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  1. #1
    Yup, Sure ... now let me check ... Cagles Mill's Avatar
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    I'm new to using datafeeds and just completed building my first Perl based feed. I've searched through many of the datafeed threads and yet although I think the answer has already been posted more than once, it has not been posted in terms I understand.

    If the pages are dynamically generated, then the search engines will not pick them up?! So.. you have to convert the pages you want in the search engines into static pages, which can then in turn still point to other dynamic links? Or, you can leave the potential pages as dynamically generated as long as you use a URL redirect to get rid of all the '+', '&' and other such sysmbols in the URL?

    What I want to do is to get not just the main page into the search engine, but also each of the main product categories.

    Does this all make sense?

    "The crowd has no hands." - Soren Kierkegaard

  2. #2
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    search engines will pick up dynamic pages. just look at the urls in google, theres a ton of them with abc.php?ddd=xxx&fff=9898 or abc.asp?keyword=blah&aaa=blahblah format. The main reson to mask the param's is to get some keywords in the url. Some believe that it help's there position. I've done it both ways and it hard to tell if one way's better than the other, I have some high ranking pages both ways.


    if you want to change them instead of using a redirect read up on apache's mod-rewrite

    Charlie

    "Changes in latitudes, changes in attitudes nothing remains quite the same.
    With all of our running and all of our cunning, If we couldn't laugh, we would
    all go insane." -- Jimmy Buffett

  3. #3
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    The problem with search engines is not that the contents are dynamically generated. How would they know? The contents are compiled before it's ever served to the visitor.

    One parameter in the URL is generally indexed easily by Google. The more parameters in the URL, the more time it takes for them to index.

  4. #4
    Just Lurking
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    Changing your program structure my might help with these dynamic datafeeds.

    Instead of using a front controller where everything goes through say index.php. Try using a filter type structure. Where every page includes an initializer that processes any parameters it may find and a finalizer to clean up afterwards. These two routines can be easily included by Apache or PHP using prepend/append. This structure allows any file to processing any parameters. You can name your files whatever you want. This structure makes your pages a lot easier to understand too.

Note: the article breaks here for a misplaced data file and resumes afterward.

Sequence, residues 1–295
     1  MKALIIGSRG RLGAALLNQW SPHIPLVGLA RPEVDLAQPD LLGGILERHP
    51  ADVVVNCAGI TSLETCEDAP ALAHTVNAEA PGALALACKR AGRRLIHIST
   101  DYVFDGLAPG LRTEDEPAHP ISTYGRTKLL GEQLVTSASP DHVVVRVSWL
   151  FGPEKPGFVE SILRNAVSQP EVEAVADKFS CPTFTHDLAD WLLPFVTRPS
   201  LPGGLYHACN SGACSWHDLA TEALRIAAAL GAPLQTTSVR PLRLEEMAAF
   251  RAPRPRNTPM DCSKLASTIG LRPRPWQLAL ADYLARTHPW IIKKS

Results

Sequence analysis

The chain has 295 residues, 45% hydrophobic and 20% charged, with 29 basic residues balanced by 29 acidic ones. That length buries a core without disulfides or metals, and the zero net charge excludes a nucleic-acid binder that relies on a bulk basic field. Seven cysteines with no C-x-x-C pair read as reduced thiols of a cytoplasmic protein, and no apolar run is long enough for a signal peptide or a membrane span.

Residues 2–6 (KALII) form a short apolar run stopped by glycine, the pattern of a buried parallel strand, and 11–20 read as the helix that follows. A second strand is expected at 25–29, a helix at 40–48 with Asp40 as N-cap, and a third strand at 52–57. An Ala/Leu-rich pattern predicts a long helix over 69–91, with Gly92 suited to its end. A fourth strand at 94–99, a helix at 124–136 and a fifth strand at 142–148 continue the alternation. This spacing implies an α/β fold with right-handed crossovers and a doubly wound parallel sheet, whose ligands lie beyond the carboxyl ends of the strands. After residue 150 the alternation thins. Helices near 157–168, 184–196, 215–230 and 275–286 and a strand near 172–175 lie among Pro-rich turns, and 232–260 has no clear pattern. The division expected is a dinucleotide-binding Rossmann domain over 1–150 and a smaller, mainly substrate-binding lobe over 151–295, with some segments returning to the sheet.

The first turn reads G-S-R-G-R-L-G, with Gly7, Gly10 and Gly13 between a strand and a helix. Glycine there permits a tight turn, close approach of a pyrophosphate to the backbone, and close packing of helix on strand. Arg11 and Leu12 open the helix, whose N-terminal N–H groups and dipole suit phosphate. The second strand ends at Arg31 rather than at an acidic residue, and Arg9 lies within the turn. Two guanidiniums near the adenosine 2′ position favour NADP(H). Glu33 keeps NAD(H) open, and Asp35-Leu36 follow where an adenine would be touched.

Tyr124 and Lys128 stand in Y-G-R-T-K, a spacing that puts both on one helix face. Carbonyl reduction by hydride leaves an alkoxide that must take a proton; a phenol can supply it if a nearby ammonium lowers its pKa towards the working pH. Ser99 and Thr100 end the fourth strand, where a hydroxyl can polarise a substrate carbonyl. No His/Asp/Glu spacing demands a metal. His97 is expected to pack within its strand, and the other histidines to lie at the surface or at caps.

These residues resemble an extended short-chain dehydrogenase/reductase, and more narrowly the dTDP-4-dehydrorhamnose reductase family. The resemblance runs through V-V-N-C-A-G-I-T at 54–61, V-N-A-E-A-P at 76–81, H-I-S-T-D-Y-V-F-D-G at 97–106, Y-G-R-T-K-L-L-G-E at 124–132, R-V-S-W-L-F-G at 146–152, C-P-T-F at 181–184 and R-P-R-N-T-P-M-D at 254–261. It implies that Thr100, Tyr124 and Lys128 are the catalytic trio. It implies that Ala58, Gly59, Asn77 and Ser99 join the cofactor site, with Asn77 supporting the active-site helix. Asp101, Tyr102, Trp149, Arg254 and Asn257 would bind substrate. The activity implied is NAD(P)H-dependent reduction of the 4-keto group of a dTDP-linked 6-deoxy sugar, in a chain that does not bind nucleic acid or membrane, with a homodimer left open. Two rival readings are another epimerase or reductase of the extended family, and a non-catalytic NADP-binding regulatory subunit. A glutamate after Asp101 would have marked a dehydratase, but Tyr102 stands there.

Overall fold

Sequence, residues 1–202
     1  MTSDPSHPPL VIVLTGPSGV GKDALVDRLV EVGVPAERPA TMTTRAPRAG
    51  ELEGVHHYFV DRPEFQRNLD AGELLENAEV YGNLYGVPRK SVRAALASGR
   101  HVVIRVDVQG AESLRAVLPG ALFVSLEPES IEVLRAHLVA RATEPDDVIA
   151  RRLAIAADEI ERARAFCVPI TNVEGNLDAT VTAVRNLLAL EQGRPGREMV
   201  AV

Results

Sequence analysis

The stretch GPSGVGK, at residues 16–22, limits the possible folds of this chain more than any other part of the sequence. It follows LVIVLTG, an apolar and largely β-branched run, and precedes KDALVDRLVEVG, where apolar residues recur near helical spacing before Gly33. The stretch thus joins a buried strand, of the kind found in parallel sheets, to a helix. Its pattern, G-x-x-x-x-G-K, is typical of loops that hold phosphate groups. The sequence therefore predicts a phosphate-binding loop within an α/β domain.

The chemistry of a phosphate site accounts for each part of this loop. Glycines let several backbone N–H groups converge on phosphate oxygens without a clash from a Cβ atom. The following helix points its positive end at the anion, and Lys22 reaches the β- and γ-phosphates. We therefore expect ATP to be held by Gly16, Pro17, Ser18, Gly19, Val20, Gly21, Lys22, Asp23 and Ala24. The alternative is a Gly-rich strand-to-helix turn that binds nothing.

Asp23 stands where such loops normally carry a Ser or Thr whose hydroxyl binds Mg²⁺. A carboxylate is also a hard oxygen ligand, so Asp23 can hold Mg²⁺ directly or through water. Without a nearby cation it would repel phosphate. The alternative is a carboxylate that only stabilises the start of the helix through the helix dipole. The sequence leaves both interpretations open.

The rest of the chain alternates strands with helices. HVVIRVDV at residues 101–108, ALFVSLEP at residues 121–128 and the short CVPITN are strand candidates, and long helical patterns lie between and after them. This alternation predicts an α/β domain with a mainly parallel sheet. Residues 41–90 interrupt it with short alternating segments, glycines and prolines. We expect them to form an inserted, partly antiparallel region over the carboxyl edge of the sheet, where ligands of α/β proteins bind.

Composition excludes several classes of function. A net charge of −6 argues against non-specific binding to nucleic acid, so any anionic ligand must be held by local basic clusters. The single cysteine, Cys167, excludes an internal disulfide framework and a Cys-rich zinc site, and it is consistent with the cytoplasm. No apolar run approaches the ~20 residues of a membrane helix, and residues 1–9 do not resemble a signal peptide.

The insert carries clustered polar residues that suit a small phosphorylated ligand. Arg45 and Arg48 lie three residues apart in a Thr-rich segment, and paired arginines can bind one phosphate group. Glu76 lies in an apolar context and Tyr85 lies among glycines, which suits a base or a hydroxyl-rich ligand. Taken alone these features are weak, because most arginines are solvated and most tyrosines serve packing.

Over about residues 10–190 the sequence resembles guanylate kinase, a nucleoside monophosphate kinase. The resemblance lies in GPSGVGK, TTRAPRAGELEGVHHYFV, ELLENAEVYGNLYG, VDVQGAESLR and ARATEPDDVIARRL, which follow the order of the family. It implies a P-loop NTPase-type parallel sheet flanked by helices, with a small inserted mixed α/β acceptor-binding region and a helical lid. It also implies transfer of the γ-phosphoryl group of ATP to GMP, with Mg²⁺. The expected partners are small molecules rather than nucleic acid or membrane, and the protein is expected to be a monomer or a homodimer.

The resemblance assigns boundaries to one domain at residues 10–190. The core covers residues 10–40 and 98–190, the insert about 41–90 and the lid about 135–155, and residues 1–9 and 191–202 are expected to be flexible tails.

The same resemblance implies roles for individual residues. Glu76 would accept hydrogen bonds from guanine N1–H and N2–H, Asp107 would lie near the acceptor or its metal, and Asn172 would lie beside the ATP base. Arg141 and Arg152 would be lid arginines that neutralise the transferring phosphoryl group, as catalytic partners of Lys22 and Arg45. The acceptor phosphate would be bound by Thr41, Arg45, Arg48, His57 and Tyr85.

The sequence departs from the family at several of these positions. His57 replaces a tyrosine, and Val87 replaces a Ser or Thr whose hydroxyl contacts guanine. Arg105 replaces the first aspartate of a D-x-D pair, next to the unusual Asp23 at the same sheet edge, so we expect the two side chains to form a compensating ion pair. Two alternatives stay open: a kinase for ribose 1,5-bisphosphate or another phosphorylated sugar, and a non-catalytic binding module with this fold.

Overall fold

Using this structure your page in PHP would look something like this:

    <pre class="ip-ubbcode-code-pre">&lt;?php
    include_once 'initializer.php';
    include $psg['path_templates'].'tpl_header.php';
    include $psg['path_templates'].'tpl_left.php';
    ?&gt;

    HTML CONTENT HERE&lt;br&gt;
    or call database for what you need

    &lt;?php
    include $psg['path_templates'].'tpl_right.php';
    include $psg['path_templates'].'tpl_footer.php';
    include 'finalizer.php';
    ?&gt;</pre>

    The initializer can take care of loading common function, initializing the variables and session, processing any commands or parameters. The finalizer takes care of any logging or anything else you need to do at the end of every page.

    I'm a little tired so if this makes no sense...sorry. I will say I've found this structure (or the fancy term Pattern) much more flexiable and easier to maintain.

    ------------------------------
    "If all the newbies are going to start writing ebooks maybe I should get started on mine!" -- Buddha

  5. #5
    Intergalactic Trader IGshop's Avatar
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    I was also under the impression that google would not deeply crawl dynamic links but that changed yesterday when google spent the day deep-crawling not one but two of my datafeed sites. (However, I have seen yahoo do this before.) These sites go down two levels: category, then product. I also have two sites where the dynamic links have been converted to "nice" links which have not been deep crawled by google. Google's been poking around them so I think it'll be going in soon.

    Jim

  6. #6
    ABW Ambassador CrazyGuy's Avatar
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    I think alot of this misunderstanding comes from the fact that many PHP-driven dynamic site use the built-in PHP session ID to move visitors around a site.